By Kurt Becker, principal at Cuyuna Range Elementary and president-elect of Northern Division
About the most ludacris question we could ask anybody in education these days is “What’s new”? EVERYTHING is new, that’s what. In just eight short days, educators across Minnesota did something that had never been done before with little to no training in how to do it. They totally changed the way we teach and learn. Necessity is the mother of all invention, and our teachers and support staff have invented something pretty amazing.
We, as administrators, have had to lead the way for this to happen. It has been challenging, and the challenges will likely continue. We know there is still much work to be done. But how amazing has it been to have a front row seat for this historical accomplishment! As we continue to educate students who aren’t in our buildings, we need to consider the question that has been posed many times: what can we, as administrators, do to support our teachers through this?
One answer that pops up often is that we need to continue to lead. It is up to us to help our teachers get better each and every day of distance learning. This is difficult, because we have no experience with this ourselves, but we need to continue to send the message that “we got this” as we provide our teachers with opportunities to succeed everyday.
Another answer to this question is that we, as principals, need to keep our expectations realistic. Distance learning is not a good deal for our teachers or our kids, but it is reality. We need to keep our heads in this reality and not push our staff members to do things they aren’t ready to do. This is an emotional time, and many of our teachers are holding on by a thread right now. Let’s not push them over the edge with our lofty expectations.
What else can we be doing to support teachers? How about just being there for them. Let’s check in with each and every one of them often just to see how they’re doing. When we ask them if there is anything they need, we need to mean it. They need a lot from us right now. They need direction, encouragement, validation that what they are doing is making a difference for kids, and someone to lean on when it appears that things are unraveling. Not only are they strapped with the stresses of distance learning, but many are also afraid for themselves and their loved ones at this uncertain time. Let’s be their rock.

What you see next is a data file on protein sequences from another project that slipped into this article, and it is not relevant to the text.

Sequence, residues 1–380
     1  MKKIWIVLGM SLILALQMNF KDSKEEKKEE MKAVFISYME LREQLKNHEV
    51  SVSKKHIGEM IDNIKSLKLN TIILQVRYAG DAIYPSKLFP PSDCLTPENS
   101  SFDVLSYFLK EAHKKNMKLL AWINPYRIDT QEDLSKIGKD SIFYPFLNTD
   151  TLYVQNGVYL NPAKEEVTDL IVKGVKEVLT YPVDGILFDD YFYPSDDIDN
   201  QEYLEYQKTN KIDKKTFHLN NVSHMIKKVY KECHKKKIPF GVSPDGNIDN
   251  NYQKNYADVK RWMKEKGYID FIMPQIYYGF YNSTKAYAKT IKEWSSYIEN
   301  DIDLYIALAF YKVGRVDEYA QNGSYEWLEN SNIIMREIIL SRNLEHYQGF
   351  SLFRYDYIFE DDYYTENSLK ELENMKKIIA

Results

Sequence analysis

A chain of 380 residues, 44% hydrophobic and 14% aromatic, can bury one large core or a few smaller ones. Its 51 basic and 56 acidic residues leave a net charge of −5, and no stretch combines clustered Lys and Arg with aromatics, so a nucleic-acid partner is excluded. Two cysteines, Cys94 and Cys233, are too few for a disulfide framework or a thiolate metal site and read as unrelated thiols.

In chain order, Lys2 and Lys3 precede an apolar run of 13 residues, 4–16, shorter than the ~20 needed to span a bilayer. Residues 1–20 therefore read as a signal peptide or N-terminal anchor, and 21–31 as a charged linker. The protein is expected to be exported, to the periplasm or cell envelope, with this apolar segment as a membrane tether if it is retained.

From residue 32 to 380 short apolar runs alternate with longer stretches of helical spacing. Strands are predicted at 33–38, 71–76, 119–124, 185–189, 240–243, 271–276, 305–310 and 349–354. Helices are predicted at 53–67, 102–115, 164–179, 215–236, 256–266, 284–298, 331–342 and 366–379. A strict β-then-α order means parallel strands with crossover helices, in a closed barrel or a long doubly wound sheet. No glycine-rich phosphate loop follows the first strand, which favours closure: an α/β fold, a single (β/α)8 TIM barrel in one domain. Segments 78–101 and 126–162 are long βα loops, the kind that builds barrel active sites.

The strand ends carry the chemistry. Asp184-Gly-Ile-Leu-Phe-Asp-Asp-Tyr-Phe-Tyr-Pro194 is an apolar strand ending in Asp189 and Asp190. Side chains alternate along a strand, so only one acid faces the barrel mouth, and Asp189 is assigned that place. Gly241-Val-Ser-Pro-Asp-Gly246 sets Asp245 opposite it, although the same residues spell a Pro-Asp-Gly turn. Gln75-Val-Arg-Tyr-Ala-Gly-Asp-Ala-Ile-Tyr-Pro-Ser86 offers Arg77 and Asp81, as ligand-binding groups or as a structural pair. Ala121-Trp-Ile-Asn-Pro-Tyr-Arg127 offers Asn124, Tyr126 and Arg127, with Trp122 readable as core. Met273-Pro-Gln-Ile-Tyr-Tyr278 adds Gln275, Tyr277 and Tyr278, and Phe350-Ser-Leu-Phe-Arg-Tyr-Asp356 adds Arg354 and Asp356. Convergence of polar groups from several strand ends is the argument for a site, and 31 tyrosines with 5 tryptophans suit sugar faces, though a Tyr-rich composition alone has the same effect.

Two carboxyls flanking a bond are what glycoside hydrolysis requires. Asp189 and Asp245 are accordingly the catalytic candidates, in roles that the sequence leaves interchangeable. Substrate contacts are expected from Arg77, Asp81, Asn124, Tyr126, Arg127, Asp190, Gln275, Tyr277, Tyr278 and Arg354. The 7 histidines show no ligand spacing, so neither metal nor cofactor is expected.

I could go on and on about the countless ways that we can support teachers. But I want to pose another question. What can we do to support each other through this? In front of our staff and community members, we have to show that we are strong and unwavered as we navigate these uncharted waters. That’s what leaders do. But, are you a little uncertain, a little worried, a little afraid? It’s okay to answer yes to any or all of those questions. You’re not alone. However, if there is one thing that I have learned in my seven years as a member of MESPA, it’s that none of us is ever really alone. For many of us, we are islands in our school and in our district, but we truly are surrounded by the best possible resources to get us through any crisis; each other.
One thought that’s helped me over the past few weeks is that many of our teachers have been forced to learn how to use new tools and strategies. Many of those teachers will continue to use those tools and strategies when things get back to normal, making them even more effective. Our kids will benefit from that, and that thought has kept me going through this.
Hang in there, gang. It won’t always be easy and it won’t always be fun, but we have each other. We got this.